By David K. Li
Embattled California utility PG&E announced Monday it plans to file for bankruptcy, seeking Chapter 11 protection amid billions of dollars in liability costs related to the company’s role in wildfires in 2017 and 2018, including last year’s deadly Camp Fire, which killed 86 people.
Word of the bankruptcy sent the San Francisco-based company’s stock price tumbling 50 percent Monday morning.
Jacob Kilstein, an analyst at Argus Research, said he was stunned by Monday’s announcement and had expected PG&E to push for state bailout money before playing the bankruptcy option.
“I would have thought that keeping the company in business would be in the best interests of customers and even creditors. I thought the state would step in and serve as a buffer to this,” Kilstein told NBC News. “This is the biggest utility failure I’ve seen.”
PG&E Chief Executive Officer Geisha Williams resigned over the weekend and acting CEO John Simon said the company will “resolve its potential liabilities in an orderly, fair and expeditious fashion.”
The lights and gas will remain on, PG&E officials said, noting that the utility “remains committed to providing safe natural gas and electric service to customers as it prepares to initiate voluntary reorganization proceedings under Chapter 11,” according to a company statement.
“We’re telling consumers not to panic. The lights won’t go out,” said Mindy Spatt, a spokeswoman for consumer advocacy group The Utility Reform Network. “Main take away is that the company expects to be found responsible for the Camp Fire.”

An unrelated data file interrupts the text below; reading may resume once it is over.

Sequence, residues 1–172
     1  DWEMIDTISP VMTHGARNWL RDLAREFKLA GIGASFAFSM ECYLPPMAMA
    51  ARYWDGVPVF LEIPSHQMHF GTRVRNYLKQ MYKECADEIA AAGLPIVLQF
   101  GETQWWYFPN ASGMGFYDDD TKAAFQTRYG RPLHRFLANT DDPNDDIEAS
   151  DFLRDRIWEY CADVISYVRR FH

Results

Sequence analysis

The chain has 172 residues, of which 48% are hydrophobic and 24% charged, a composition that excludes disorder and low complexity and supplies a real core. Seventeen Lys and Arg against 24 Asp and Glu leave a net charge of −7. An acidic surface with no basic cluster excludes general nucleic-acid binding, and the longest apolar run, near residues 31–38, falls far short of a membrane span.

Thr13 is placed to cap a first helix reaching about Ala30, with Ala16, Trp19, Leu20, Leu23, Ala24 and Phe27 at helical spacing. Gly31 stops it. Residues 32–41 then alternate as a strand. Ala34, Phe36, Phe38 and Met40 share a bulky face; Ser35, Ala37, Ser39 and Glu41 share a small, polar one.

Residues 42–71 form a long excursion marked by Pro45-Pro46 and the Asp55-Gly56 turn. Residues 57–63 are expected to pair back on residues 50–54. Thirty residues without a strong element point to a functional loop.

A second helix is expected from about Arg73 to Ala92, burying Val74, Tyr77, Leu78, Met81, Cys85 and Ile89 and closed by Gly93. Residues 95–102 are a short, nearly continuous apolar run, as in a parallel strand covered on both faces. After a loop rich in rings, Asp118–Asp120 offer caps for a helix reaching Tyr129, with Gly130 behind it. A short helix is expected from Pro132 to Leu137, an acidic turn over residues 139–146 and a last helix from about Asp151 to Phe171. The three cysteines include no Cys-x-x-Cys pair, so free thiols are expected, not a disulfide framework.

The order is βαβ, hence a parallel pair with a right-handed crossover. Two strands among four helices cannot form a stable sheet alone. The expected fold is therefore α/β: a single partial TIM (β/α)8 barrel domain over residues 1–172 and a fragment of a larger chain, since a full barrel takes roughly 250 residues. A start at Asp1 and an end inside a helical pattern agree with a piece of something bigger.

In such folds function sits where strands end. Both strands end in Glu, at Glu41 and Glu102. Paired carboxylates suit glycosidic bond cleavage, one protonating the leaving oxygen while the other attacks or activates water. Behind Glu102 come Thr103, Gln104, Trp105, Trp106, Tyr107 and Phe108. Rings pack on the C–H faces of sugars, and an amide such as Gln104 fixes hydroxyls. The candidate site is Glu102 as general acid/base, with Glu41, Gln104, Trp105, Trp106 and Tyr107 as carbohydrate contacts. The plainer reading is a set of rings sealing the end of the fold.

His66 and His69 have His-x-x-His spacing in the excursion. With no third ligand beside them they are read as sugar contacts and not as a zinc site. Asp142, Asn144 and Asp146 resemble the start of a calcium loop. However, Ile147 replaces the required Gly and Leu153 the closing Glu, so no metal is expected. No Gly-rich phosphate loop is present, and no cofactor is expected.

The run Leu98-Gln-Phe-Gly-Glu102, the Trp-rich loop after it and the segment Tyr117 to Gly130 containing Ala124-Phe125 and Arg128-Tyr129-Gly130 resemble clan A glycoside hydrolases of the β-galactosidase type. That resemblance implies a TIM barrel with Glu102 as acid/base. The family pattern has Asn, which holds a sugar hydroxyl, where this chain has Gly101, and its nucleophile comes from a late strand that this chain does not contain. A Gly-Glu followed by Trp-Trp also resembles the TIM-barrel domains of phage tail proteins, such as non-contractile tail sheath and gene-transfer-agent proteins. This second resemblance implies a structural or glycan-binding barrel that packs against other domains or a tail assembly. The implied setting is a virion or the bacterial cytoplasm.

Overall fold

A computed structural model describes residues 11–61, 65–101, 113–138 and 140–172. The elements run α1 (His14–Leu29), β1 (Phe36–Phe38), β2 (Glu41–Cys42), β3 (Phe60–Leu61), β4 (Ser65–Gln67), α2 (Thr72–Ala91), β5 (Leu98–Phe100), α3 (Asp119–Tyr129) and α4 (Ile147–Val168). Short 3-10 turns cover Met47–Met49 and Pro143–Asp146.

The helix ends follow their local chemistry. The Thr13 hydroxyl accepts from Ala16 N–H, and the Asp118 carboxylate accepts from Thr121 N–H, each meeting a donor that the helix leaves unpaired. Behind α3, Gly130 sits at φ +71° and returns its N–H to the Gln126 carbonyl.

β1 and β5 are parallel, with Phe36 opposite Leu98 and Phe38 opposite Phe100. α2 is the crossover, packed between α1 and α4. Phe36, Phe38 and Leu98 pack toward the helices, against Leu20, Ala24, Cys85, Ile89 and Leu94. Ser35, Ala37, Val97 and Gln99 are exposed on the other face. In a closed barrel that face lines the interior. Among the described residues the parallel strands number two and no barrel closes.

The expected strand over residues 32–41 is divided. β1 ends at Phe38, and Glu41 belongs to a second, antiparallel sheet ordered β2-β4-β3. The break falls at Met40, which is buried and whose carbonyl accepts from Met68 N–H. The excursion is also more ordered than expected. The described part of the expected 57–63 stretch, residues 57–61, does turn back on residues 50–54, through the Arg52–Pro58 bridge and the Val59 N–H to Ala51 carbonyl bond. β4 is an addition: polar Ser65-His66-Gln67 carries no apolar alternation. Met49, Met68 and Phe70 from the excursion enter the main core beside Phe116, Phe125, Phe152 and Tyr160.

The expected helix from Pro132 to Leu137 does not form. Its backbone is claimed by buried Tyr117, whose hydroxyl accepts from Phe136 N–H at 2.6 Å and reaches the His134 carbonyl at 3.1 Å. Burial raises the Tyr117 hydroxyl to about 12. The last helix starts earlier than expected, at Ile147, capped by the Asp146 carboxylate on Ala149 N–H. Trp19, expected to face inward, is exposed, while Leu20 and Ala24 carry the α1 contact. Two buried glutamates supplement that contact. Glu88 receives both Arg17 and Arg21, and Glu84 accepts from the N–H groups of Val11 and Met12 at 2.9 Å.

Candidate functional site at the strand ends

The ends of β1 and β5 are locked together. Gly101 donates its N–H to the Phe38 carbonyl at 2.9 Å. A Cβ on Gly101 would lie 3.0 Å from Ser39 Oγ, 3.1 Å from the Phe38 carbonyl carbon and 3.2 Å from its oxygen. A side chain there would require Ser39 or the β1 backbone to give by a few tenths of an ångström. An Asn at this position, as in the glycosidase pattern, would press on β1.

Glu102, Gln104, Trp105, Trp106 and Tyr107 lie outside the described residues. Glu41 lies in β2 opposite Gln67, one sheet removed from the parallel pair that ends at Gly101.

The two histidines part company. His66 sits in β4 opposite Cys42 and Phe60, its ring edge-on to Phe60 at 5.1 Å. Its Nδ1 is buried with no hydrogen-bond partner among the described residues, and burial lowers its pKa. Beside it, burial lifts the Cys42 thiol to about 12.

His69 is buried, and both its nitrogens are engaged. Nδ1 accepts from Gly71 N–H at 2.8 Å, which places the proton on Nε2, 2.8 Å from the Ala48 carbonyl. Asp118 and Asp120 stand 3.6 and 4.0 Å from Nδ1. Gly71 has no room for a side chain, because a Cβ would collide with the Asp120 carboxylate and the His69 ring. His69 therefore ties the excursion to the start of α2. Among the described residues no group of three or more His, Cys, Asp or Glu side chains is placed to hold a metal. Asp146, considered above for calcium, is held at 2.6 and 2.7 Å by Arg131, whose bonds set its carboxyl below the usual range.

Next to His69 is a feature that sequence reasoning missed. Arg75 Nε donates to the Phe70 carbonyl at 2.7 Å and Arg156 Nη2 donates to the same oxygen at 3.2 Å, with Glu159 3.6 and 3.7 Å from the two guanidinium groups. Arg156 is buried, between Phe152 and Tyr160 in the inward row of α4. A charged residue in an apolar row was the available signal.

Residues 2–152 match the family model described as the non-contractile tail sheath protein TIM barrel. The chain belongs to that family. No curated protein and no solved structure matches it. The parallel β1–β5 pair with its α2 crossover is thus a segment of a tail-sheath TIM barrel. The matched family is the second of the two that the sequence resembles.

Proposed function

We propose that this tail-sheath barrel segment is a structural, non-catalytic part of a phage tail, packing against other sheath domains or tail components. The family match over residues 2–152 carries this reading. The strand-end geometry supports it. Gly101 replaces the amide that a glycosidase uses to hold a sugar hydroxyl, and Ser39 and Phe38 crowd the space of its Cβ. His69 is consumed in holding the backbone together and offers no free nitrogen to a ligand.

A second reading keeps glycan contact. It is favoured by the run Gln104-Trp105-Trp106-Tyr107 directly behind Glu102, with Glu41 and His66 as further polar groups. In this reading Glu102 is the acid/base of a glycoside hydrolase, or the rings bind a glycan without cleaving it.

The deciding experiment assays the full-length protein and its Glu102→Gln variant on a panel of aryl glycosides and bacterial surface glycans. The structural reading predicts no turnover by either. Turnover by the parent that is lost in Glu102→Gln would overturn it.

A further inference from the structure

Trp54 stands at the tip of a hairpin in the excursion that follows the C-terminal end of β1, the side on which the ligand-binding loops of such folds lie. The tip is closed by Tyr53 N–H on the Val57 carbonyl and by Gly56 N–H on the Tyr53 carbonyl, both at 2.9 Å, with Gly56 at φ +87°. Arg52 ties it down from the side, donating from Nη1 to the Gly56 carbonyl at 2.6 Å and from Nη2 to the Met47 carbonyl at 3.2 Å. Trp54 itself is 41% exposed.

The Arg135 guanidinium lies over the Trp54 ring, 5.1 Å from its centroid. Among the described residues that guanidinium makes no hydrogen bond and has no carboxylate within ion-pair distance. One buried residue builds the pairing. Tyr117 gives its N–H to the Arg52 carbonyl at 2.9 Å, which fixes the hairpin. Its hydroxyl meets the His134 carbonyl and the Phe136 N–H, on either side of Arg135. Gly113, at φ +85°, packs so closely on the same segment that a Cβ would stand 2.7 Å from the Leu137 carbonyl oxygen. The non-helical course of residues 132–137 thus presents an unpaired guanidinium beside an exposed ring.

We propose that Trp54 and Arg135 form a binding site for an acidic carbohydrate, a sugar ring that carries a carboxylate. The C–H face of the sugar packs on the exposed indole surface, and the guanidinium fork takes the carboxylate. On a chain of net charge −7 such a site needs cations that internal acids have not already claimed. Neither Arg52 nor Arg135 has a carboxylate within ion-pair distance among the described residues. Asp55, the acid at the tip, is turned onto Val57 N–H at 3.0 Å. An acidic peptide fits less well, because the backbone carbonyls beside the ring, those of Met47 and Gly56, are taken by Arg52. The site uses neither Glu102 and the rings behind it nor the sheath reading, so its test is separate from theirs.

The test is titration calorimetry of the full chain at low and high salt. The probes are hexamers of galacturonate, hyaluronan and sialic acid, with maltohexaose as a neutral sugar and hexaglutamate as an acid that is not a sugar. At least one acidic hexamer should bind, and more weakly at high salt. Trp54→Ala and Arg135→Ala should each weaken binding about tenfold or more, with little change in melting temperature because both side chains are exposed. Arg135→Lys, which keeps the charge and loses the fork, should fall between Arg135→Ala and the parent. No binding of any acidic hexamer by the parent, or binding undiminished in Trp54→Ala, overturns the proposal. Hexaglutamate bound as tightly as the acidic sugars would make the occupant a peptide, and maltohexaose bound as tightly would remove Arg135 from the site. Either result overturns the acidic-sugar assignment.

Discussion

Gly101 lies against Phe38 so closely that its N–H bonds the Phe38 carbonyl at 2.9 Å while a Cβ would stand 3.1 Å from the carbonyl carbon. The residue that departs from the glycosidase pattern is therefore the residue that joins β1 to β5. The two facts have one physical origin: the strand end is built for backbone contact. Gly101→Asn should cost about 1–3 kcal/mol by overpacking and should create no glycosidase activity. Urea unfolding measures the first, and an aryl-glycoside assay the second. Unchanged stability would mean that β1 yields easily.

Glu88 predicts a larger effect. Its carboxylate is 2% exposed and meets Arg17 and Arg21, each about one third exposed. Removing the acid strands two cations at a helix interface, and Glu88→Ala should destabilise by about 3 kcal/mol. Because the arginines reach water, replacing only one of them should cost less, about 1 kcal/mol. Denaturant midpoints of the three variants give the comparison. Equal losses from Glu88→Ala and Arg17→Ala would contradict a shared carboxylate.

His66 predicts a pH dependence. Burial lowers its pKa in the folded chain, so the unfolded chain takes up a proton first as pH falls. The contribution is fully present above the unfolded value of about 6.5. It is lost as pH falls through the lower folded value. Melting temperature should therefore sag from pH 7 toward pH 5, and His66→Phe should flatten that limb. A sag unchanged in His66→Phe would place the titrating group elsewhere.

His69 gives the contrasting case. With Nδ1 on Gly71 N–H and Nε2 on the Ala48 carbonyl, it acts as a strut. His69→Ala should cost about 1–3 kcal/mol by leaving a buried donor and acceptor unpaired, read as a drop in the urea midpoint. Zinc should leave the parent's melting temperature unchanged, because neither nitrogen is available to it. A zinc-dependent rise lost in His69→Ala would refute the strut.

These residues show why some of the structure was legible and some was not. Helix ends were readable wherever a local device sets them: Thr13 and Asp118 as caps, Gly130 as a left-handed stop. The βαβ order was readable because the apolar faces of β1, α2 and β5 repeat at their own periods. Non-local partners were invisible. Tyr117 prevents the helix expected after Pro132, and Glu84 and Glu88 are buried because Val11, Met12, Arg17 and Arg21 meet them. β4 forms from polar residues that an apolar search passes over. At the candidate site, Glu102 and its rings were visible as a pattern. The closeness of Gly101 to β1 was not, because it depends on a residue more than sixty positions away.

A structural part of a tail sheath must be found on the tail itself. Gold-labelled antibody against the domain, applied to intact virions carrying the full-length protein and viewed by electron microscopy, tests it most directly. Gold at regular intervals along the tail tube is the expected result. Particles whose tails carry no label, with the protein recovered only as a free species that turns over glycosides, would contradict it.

The Camp Fire, which ignited in November, was the world’s costliest national disaster in 2018, causing more than $16 billion in damage, three-quarters of it uninsured. It charred more than 150,000 acres in rural Butte County and virtually wiped out the entire community of Paradise.
In total, the California Insurance Department estimated the Camp Fire and two other wildfires last year destroyed 19,000 homes and businesses in the state.
Smoke billows around power transmission lines as the Camp Fire burns in Big Bend, California, on Nov. 9, 2018. Noah Berger / AP file
The company acknowledged in a court filing that it had detected a problem on a transmission line 15 minutes before the first report of the Camp Fire. Hundreds of survivors have already filed lawsuits.
Last month, California Attorney General Xavier Becerra said the company could be prosecuted for murder if it acted with malice in the operation and maintenance of its equipment.
PG&E, the Golden State’s biggest utility, provides electricity and gas power to 16 million people in Central and Northern California.
The utility has been under the microscope for years, following the Tubbs Fire that tore through wine country in fall 2017 and a deadly gas line explosion in San Bruno, California, which killed eight people in 2010.
Article courtesy of NBC News